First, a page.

Prioritizing conserved areas threatened by wildfire for monitoring and management

Authors: J Tracey; Carlton J Rochester; Stacie A Hathaway; Kristine L Preston; A Syphard; A G Vandergast; J Diffendorfer; J Franklin; J MacKenzie; T Oberbauer; S Tremor; C Winchell; Robert N Fisher
Contribution Number: 649


In many parts of the world, the combined effects of habitat fragmentation and altered disturbance regimes pose a significant threat to biodiversity. This is particularly true in Mediterranean-type ecosystems (MTEs), which tend to be fire-prone, species rich, and heavily impacted by human land use. Given the spatial complexity of overlapping threats and species? vulnerability along with limited conservation budgets, methods are needed for prioritizing areas for monitoring and management in these regions. We developed a multi-criteria Pareto ranking methodology for prioritizing spatial units for conservation and applied it to fire threat, habitat fragmentation threat, species richness, and genetic biodiversity criteria in San Diego County, California, USA. We summarized the criteria and Pareto ranking results (from west to east) within the maritime, coastal, transitional, inland climate zones within San Diego County. Fire threat increased from the maritime zone eastward to the transitional zone, then decreased in the mountainous inland climate zone. Number of fires and fire return interval departure were strongly negatively correlated. Fragmentation threats, particularly road density and development density, were highest in the maritime climate zone and declined as we moved eastward and were positively correlated. Species richness criteria showed distributions among climate zones similar to that of the fire threat variables. When using species richness and fire threat criteria, most lower-ranked (higher conservation priority) units occurred in the coastal and transitional zones. When considering genetic biodiversity, lower-ranked units occurred more often in the mountainous inland zone. With Pareto ranking, there is no need to select criteria weights as part of the decision-making process. However, negative correlations and larger numbers of criteria can result in more units assigned to the same rank. Pareto ranking is broadly applicable and can be used as a standalone decision analysis method or in conjunction with other methods.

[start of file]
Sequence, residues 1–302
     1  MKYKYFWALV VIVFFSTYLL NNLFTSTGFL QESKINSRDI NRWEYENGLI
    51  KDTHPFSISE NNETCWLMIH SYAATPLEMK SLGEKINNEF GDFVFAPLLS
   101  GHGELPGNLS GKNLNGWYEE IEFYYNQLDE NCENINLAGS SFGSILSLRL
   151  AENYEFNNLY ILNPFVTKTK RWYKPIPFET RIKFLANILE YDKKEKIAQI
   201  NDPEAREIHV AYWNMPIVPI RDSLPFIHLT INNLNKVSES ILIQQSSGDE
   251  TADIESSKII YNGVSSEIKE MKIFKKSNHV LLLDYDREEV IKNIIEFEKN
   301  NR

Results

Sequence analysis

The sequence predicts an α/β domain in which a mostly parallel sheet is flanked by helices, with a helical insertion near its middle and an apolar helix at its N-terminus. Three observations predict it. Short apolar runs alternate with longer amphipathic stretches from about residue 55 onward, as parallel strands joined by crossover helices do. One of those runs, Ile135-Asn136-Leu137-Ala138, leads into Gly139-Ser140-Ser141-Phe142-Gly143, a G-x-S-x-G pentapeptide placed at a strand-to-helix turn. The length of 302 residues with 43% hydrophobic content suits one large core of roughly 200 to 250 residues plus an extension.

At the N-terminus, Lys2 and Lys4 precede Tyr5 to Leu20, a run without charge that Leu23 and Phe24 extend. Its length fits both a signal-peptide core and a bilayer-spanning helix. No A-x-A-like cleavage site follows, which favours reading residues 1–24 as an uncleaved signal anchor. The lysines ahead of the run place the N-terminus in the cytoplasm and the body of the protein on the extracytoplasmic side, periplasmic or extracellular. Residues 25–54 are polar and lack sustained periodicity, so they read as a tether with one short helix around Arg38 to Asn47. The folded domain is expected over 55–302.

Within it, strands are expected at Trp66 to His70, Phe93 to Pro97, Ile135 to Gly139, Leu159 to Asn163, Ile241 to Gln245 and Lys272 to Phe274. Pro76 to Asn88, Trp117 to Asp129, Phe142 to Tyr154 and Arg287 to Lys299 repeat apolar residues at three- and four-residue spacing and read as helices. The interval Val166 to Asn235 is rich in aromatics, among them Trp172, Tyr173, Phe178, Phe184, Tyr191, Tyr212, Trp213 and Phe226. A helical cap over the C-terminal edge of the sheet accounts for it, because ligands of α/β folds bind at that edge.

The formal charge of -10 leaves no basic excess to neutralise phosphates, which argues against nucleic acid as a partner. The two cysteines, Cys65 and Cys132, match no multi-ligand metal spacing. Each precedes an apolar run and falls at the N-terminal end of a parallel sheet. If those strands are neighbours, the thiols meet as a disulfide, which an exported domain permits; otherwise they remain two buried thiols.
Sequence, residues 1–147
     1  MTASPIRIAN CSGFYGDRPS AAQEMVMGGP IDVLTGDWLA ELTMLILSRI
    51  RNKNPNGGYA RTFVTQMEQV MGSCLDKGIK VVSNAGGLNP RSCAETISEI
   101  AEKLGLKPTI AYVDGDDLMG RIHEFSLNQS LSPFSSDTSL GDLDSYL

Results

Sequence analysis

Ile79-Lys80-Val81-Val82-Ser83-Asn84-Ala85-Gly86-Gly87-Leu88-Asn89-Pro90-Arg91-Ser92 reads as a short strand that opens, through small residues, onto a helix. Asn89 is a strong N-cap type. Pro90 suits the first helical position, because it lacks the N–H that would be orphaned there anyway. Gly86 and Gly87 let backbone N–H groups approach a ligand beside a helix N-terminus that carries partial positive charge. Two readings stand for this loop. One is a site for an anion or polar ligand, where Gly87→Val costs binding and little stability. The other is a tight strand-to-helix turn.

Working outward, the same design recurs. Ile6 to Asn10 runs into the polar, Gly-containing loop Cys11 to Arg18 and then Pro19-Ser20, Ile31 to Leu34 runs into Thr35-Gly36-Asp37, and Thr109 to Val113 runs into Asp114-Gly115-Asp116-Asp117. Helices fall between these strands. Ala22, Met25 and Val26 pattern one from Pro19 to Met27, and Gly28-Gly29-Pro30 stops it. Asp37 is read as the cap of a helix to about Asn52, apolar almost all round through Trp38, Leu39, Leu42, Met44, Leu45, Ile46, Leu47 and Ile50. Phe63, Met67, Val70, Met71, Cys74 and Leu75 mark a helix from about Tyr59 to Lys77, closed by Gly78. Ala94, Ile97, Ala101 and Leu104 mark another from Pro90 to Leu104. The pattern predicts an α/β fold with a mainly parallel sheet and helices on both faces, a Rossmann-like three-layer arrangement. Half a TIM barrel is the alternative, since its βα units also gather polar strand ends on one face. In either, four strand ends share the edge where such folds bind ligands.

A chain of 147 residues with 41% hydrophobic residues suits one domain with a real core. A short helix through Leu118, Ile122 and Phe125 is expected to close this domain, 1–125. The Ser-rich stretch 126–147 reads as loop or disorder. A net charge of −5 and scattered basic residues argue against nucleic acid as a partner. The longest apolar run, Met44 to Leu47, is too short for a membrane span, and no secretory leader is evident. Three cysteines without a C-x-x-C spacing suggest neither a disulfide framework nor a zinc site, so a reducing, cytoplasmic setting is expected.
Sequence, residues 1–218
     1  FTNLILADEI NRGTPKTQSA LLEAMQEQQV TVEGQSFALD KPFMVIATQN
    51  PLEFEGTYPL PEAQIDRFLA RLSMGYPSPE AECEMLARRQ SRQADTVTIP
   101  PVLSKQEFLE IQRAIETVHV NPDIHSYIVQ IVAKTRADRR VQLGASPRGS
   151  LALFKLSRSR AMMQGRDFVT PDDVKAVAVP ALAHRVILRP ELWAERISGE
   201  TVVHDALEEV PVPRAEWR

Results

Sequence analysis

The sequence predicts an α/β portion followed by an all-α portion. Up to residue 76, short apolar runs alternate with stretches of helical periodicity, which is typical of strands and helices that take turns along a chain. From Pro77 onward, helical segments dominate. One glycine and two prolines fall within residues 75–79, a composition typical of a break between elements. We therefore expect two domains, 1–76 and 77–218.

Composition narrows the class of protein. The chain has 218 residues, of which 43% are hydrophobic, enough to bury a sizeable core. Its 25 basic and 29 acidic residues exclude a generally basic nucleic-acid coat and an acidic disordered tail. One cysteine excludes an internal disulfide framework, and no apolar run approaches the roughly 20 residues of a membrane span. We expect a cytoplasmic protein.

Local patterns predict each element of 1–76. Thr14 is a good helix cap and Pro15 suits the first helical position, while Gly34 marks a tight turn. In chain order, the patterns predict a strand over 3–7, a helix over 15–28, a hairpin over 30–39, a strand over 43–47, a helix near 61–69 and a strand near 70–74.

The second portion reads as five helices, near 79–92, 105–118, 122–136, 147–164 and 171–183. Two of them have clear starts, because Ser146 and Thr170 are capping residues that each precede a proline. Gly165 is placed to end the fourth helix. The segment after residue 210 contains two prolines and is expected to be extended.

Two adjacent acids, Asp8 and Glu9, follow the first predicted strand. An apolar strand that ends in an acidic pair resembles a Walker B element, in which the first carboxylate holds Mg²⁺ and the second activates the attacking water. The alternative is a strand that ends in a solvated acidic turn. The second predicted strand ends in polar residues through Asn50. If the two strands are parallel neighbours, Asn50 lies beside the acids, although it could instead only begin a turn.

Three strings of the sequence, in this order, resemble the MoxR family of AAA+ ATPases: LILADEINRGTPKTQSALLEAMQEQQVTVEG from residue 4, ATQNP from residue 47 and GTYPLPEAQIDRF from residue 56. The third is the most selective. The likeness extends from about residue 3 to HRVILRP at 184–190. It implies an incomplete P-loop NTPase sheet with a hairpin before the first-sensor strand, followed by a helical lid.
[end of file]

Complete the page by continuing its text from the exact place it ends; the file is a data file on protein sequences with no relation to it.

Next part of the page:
Publication details
Published Date: 2018-09-07
Outlet/Publisher: PLoS ONE
Media Format: .PDF

ARMI Organizational Units:
Southwest, Southern California - Biology
Climate Change; Fire; Management; Monitoring and Population Ecology; Quantitative Developments; Stressors
Place Names:
California; San Diego County, CA
amphibians; climate; connectivity; conservation; Decision science; distribution; fire; genetics; geospatial models; habitat alteration; land cover/land use; management
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